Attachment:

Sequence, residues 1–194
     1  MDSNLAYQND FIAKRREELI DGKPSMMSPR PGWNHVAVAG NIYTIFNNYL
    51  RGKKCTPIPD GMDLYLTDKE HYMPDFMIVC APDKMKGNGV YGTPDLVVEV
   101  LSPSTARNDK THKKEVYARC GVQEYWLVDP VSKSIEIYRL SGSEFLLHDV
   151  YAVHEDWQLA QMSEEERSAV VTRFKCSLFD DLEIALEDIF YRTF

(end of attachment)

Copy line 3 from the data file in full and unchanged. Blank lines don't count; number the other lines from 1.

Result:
    51  RGKKCTPIPD GMDLYLTDKE HYMPDFMIVC APDKMKGNGV YGTPDLVVEV